23 Sample Unit: Level 1 Spanish For Heritage Learners, continued Myths & Legends of Latin America OPPORTUNITIES TO LEARN, continued  Language Structure Review of sentence structure  Writing Development Continue journal writing Introduction to expository writing Short paragraphs and transition words Paragraph summary of legend or myth Comparison/Contrast of two legends or myths  Film “Macario”

24 Sample Unit: Level 4/4AP Spanish For Heritage Learners, continued Literatura Fantástica: Chac Mool OVERARCHING UNDERSTANDINGS Students will understand the characteristics of literatura fantástica. Students will have an understanding of Fuentes’ short stories. Students will have a better understanding of contemporary Mexican society. Students will have a better understanding of Aztec mythology and symbols. ESSENTIAL QUESTIONS What is literatura fantástica? What are the features of Fuentes’ short stories? What are the characteristics of contemporary Mexican society and how are they reflected in Mexican literature? What is the importance of Aztec myths and symbols?

25 Sample Unit: Level 4/4AP Spanish For Heritage Learners, continued Literatura Fantástica: Chac Mool DESCRIPTION OF FORMATIVE ASSESSMENTS Written assessments Group assessments DESCRIPTION OF SUMMATIVE ASSESSMENTS Summary of the short story Descriptive piece modeled after the style of the work cuento arqueológico Unit exam THINGS STUDENTS NEED TO KNOW AND BE ABLE TO DO Read and comprehend unit selections Identify elements of Aztec myths and recognize their influence in contemporary Mexico Apply knowledge of writing concepts (description and summary) Identify characteristics of literatura f antástica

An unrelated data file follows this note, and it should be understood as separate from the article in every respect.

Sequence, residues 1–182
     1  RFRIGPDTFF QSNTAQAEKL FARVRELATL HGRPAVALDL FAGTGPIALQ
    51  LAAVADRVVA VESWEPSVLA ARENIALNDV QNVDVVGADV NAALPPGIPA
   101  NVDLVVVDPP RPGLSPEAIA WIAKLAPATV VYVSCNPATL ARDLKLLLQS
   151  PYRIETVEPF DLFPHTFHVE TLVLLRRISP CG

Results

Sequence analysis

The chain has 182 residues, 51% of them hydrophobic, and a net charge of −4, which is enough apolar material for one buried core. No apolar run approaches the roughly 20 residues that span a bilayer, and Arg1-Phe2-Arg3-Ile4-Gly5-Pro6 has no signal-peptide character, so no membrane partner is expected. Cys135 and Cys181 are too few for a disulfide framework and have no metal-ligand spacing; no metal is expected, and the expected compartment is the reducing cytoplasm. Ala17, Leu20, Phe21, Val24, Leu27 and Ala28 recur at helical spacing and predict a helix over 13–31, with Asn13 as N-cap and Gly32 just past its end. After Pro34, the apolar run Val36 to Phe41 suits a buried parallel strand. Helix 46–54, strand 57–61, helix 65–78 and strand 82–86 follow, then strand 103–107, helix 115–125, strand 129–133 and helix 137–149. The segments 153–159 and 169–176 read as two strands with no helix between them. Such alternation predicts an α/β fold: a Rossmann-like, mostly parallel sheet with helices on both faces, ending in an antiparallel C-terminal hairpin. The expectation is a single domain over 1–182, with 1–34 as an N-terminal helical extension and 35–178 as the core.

26 Sample Unit: Level 4/4AP Spanish For Heritage Learners, continued Literatura Fantástica: Chac Mool OPPORTUNITIES TO LEARN  Reading Selections: “Chac Mool”  Vocabulary Development: Reading Related Definition of genre of literatura fantástica  Cultural Enrichment: Review of Aztec mythology Contemporary Mexico  Writing Development: Cuento Aqueológico

27 Texts and Materials Levels 1 & 2:  Nuevas Vistas, Curso Uno (Holt, Rinehart and Winston)  Nuevas Vistas, Curso Dos (Holt, Rinehart and Winston)  Sendas Literarias (Pearson Prentice Hall)  Other short stories from a variety of sources Levels 3 & 4:  Manual de ortografía y gramática para hispanos (Pearson Prentice Hall)  Cinco maestros (Coleman, ed.)  Literary works from a variety of sources

28 Current Projects  Developing reading and writing strategies for all SHL classes Through work in Professional Learning Community  Technology integration Visual and audio prompts for designated topics and themes to enable students to employ registers of language in a variety of settings both aurally and orally (using the Language Laboratory).

29 Current Projects, continued Reading Strategies (sample from Level 1) El trabajo en el campo by Rose del Castillo Guilbault Before reading (sample questions): 1. ¿Conoces a alguien que trabaja en el campo? 2. ¿Qué tipo de vida lleva la gente en el campo? 3. ¿En dónde en los EE.UU. hay muchos trabajadores agrícolas de origen mexicano?